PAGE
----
America’s corporate jihad: the military-industrial complex

Date: 
Tue, 2017/03/07
By: 
Shoaib Khan

It was recently reported that President Trump seeks to expand the military budget by 54 billion dollars. It can be presumed that this is to make the country stronger against foreign threats. This is not a rare idea among politicians, as even former president Obama was open to the idea. He had once stated “given the depletion of our forces after the wars in Iraq and Afghanistan, we will probably need a somewhat higher budget in the immediate future” (Audacity of Hope, P. 307).

It is difficult, however, to find strong empirical proof for these claims. According to the National Priorities Project, the United States spends more money on its military than the next seven countries combined (figure 1). Furthermore, the military is one of the top recipients of government spending. The San Diego Veterans for Peace organization notes that there are two types of spending: "total" and "discretionary". The latter excludes costs that are legally mandatory (e.g. Medicare, education, etc). When examining the two, defense spending ranks as the third and first most expensive, respectively (Figure 2).

This would explain why most military officials support a decrease in the military budget. A report by the Task Force on a Unified Security Budget declared: “Our top military and civilian national security leaders have all expressed support for repairing the extreme imbalance in our security spending to strengthen our non-military security tools” (available on the Institute for Policy Studies website).

There are various reasons as to why these high military costs exist. One of the key issues is the involvement of the country in various conflicts it does not belong in. While many may remember the recent War in Iraq, the problem has existed for almost a century.  In the early 1900s, for example, the United States Marines invaded Nicaragua and installed their own leader Anastasio Somoza Garcia. Marines leader Smedley Butler stated that his role was "a high class muscle man for big business, for Wall Street and for the banks. In short, I was a racketeer ... for capitalism ... I helped purify Nicaragua for international banking house." Similar actions occurred in Guatemala, Honduras, Panama, and El Salvador (see “Support for Latin American dictators” at wais.stanford.edu).  Such a record led Noam Chomsky, in his debate with Richard Perle, to state: “…it’s a staple of independent scholarship that I quote now: ‘While paying lip service to the encouragement of representative democracy in Latin America, the United States has a strong interest in just the reverse.’"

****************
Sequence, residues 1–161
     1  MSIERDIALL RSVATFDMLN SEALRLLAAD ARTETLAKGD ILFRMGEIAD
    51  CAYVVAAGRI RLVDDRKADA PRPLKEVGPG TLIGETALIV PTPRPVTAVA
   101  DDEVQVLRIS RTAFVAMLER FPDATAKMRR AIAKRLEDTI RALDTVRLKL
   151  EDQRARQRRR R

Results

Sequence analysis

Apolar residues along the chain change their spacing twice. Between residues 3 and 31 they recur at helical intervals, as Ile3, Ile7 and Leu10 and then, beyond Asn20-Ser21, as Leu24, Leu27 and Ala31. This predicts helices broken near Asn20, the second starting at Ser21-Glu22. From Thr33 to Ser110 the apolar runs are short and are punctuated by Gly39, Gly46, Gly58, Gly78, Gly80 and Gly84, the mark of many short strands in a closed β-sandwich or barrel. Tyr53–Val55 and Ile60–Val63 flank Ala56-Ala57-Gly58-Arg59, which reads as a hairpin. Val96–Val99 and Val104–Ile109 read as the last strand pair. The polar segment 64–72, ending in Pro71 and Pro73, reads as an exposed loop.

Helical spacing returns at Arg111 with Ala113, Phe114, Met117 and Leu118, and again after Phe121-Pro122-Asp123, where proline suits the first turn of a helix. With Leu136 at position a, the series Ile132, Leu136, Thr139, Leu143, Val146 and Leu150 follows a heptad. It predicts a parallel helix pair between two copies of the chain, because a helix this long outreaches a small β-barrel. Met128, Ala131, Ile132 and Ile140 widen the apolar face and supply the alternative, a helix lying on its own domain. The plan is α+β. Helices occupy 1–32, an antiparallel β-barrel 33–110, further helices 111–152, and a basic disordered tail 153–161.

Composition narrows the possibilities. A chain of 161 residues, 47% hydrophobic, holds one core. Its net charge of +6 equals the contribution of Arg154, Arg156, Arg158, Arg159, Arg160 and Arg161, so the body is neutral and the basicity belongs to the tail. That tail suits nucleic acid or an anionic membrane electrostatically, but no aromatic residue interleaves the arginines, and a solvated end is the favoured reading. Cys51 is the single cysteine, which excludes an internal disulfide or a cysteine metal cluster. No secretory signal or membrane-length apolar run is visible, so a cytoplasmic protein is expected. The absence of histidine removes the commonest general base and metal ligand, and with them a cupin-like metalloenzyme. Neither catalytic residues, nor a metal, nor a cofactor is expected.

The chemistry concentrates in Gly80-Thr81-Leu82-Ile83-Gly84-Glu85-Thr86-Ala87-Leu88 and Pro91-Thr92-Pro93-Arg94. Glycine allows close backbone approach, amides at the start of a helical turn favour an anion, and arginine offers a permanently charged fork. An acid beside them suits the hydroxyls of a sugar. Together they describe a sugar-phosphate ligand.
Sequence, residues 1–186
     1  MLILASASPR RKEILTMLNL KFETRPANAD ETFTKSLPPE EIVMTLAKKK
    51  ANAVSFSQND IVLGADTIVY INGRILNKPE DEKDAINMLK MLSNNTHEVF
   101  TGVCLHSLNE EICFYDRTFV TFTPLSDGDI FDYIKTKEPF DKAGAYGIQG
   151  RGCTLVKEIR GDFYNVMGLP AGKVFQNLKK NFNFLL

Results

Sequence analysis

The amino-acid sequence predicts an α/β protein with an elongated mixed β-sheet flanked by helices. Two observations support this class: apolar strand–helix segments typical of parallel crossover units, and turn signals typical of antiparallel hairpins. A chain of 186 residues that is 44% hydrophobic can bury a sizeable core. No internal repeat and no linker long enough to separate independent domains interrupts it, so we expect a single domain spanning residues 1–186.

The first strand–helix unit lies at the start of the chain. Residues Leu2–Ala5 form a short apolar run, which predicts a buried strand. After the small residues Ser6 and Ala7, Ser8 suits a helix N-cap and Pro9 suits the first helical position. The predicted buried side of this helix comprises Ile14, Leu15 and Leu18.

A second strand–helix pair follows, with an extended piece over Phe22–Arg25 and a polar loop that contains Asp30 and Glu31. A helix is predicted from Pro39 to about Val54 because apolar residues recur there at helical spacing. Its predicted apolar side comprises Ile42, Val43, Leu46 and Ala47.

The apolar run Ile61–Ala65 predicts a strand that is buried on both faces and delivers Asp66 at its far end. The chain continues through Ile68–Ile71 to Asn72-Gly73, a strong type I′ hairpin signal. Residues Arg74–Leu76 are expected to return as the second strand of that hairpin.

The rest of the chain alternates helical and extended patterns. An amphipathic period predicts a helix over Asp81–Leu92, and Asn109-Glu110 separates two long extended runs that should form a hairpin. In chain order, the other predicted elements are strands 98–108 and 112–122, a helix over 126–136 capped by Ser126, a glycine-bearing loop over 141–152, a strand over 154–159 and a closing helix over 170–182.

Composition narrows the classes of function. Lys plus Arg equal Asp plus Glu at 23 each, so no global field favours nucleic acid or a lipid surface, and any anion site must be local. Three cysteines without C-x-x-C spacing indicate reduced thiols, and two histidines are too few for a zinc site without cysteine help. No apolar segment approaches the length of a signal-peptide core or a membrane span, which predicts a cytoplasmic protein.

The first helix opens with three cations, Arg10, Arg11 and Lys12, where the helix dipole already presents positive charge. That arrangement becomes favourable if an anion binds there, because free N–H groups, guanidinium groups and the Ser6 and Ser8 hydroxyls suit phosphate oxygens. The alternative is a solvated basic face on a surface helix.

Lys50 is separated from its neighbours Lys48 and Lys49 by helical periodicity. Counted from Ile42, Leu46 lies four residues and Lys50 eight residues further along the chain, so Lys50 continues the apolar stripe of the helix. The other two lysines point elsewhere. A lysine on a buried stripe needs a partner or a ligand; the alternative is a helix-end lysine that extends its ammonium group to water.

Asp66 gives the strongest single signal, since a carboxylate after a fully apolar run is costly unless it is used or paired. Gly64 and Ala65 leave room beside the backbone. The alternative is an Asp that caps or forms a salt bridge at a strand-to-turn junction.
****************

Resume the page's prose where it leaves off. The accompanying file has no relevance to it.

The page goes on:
Similar circumstances have occurred in the Middle East, where the military has been involved in several unnecessary foreign interventions. Despite claims of terrorist threats, most experts have emphasized that the claims have been highly exaggerated but could be worsened if violently confronted. The events throughout the region, according to WIN/Gallup polls, have instigated increasing anti-American sentiment which only produces more enemies and strains America’s relationship with the rest of the world (Figure 3). In the words of sociologist Charles Kurzman, “almost every academic expert on Muslim societies, insisted that the United States needed to adopt more conciliatory and multilateral policies” (The Missing Martyrs: Why There Are So Few Muslim Terrorists; P. 128).

While every country undoubtedly needs some military resources, the United States requires increased spending on diplomatic causes.  The primary beneficiaries of our wars have not been American citizens. Rather, the beneficiaries have primarily been military industrial corporations, who have profited with the increased militancy of our nation. Democrats and Republicans would do well to remember the farewell address of former President and Word War II military leader Dwight Eisenhower: “This conjunction of an immense military establishment and a large arms industry is new in the American experience. The total influence -- economic, political, even spiritual -- is felt in every city, every State house, every office of the Federal government … our toil, resources and livelihood are all involved; so is the very structure of our society. In the councils of government, we must guard against the acquisition of unwarranted influence, whether sought or unsought, by the military-industrial complex. The potential for the disastrous rise of misplaced power exists and will persist.”